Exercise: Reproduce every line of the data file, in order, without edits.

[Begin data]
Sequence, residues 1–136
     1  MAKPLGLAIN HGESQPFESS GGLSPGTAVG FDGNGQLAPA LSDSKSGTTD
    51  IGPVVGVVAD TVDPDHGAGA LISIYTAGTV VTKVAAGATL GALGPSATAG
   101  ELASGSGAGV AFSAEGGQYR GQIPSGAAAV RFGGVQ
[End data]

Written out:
Sequence, residues 1–136
     1  MAKPLGLAIN HGESQPFESS GGLSPGTAVG FDGNGQLAPA LSDSKSGTTD
    51  IGPVVGVVAD TVDPDHGAGA LISIYTAGTV VTKVAAGATL GALGPSATAG
   101  ELASGSGAGV AFSAEGGQYR GQIPSGAAAV RFGGVQ